Thunder boat: Irish-built boat breaks record in Arctic Circle maritime challenge

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A boat designed and built in Ireland set a new world record for a formidable challenge in the Arctic Circle.

Thunder Child II established a record for a 1,500 km circuit from Killybegs in Donegal to Reykjavik in Iceland.

Built by Safehaven Marine in east Cork, the ship and her five crew left Donegal at 3 a.m. on July 8.

Incredibly, they completed the 1,500 km trip in just under 32 hours – a new world record.

Thunder Child II covered the 1,500 km – or just over 866 nautical miles – at an average speed of just over 30 knots.

Such was the attention their achievement drew, they were honored with a special overview of the Icelandic Coast Guard Rescue Helicopter as they approached Reykjavik.

After breaking the record, the team posed for photos in Vestmannaeyjar and later in Isafjorour on a mini-tour around the Icelandic coast.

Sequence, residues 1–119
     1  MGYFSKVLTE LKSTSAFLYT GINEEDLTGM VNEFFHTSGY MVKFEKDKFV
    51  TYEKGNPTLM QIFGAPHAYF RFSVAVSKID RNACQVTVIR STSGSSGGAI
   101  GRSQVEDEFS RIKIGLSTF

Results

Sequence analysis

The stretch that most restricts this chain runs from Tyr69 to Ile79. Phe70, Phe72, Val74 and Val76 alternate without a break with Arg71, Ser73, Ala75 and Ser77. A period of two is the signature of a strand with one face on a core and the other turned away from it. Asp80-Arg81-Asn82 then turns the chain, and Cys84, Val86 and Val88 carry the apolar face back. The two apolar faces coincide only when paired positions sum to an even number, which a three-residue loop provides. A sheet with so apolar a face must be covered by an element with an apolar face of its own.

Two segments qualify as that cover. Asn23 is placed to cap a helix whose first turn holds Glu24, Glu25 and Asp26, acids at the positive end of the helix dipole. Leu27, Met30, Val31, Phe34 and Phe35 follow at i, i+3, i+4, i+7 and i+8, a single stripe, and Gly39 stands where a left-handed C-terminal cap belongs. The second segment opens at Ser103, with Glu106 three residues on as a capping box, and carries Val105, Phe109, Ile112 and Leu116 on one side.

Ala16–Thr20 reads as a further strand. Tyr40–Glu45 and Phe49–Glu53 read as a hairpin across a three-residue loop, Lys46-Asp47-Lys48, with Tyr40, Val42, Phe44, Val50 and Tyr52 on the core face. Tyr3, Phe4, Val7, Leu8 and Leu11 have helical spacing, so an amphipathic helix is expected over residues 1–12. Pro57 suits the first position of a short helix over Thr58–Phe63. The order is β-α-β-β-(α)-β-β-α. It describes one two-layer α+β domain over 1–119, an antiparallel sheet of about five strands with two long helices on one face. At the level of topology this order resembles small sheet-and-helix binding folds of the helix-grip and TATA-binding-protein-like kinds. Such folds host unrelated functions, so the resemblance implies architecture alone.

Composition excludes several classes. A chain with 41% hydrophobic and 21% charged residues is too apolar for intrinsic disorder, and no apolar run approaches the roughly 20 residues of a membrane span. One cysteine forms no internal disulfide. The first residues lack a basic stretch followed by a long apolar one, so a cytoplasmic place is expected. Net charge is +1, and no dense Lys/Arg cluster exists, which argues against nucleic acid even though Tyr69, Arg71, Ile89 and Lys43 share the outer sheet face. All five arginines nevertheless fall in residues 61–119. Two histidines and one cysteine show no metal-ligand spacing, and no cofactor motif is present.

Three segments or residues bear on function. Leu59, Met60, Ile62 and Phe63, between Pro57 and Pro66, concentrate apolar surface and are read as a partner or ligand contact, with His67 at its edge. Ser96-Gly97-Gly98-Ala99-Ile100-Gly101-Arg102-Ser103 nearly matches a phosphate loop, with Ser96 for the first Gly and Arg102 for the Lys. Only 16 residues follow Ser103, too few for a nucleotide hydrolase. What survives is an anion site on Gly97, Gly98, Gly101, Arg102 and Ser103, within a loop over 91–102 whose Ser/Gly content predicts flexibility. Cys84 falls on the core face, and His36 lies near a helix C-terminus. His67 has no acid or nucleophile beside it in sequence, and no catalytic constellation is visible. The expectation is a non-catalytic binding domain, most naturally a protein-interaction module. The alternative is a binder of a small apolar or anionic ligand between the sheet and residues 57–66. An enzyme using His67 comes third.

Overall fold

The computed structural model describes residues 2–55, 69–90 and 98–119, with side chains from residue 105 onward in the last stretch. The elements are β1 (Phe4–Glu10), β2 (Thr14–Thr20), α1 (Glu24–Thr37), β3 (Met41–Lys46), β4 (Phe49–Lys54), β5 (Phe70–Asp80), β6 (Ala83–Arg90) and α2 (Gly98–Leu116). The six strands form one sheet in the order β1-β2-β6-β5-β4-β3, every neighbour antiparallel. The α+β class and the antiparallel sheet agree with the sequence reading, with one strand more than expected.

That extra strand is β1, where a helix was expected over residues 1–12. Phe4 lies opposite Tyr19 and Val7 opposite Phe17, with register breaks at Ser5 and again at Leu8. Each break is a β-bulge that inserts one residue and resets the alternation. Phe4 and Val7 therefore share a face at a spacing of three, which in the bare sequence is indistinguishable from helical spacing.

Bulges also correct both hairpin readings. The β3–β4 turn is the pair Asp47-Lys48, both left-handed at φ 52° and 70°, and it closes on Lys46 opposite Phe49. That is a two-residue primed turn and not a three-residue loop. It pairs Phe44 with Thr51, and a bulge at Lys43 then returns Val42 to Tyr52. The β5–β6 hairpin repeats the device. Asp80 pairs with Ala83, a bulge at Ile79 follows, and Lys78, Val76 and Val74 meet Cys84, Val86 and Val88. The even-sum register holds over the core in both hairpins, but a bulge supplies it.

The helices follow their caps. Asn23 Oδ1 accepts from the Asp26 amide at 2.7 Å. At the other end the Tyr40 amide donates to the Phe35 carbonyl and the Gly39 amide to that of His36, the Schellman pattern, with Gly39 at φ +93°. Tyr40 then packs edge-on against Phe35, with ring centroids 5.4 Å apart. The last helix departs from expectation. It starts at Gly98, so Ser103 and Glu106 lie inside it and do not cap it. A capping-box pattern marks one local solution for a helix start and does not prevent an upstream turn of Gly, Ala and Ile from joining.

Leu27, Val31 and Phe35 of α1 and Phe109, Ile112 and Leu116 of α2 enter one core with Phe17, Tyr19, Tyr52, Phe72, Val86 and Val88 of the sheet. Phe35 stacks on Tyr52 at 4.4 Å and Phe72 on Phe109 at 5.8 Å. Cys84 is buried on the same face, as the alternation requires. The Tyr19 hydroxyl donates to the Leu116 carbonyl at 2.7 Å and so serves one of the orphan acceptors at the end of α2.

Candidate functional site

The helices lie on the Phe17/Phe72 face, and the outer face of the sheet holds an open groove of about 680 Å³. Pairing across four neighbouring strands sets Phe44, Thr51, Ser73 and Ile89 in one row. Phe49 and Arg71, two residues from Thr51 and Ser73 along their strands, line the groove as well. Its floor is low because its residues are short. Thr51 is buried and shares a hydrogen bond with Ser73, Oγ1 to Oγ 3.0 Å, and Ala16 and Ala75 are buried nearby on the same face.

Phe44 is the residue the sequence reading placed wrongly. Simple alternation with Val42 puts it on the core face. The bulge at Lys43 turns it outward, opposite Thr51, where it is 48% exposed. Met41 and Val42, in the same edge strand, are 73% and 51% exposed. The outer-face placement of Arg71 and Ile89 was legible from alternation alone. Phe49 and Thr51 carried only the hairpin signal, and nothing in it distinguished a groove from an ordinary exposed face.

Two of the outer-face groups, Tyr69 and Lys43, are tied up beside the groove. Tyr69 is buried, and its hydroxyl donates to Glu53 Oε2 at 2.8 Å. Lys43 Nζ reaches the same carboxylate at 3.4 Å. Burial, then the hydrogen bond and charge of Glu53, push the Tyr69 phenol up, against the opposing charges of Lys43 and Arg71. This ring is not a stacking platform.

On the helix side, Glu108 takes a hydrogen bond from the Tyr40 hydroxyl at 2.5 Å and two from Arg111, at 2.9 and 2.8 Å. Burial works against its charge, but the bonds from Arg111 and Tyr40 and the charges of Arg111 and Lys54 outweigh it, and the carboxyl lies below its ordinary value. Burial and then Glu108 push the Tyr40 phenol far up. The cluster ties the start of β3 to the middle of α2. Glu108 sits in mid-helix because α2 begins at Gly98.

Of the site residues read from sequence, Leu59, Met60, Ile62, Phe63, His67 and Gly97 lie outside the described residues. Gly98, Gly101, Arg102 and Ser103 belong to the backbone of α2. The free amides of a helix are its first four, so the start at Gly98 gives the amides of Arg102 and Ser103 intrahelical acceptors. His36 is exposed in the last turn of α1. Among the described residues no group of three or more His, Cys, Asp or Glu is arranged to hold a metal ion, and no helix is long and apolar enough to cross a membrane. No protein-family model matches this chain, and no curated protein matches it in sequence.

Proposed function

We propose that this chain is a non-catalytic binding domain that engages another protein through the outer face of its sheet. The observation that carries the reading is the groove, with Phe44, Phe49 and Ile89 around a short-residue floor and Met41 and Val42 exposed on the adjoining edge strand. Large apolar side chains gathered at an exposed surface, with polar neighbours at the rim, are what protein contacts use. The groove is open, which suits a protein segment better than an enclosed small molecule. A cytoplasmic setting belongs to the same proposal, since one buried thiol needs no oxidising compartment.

After a small celebration to mark the establishment of a new world record, the crew then refueled the machine and headed for Blossiville in Greenland.

The boat is an asymmetric catamaran design.

It has a deep V hull that allows it to travel at high speed in open water.

Safehaven described the design as giving Thunder Child II “a wave-piercing shell shape.”

The record was broken despite difficult sea conditions which, as they approached Iceland, included a heavy swell.

Measuring 23 meters in length, Thunder Child II features a special hydrofoil system between what are actually two catamaran hulls.

The same boat has set new records in recent years for the circuits around Rockall and Fastnet Rock.

Safehaven designs and manufactures special high performance boats for pilot boats and patrol boats.

Its clients include port authorities and shipping agencies across Europe, Asia and the Middle East.

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